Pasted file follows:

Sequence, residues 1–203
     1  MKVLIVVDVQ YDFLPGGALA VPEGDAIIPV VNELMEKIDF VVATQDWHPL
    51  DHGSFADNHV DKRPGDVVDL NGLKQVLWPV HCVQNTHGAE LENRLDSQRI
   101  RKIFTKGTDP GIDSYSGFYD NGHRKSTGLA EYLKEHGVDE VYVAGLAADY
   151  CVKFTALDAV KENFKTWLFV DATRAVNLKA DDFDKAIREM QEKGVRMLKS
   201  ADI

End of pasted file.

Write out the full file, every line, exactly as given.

Sequence, residues 1–203
     1  MKVLIVVDVQ YDFLPGGALA VPEGDAIIPV VNELMEKIDF VVATQDWHPL
    51  DHGSFADNHV DKRPGDVVDL NGLKQVLWPV HCVQNTHGAE LENRLDSQRI
   101  RKIFTKGTDP GIDSYSGFYD NGHRKSTGLA EYLKEHGVDE VYVAGLAADY
   151  CVKFTALDAV KENFKTWLFV DATRAVNLKA DDFDKAIREM QEKGVRMLKS
   201  ADI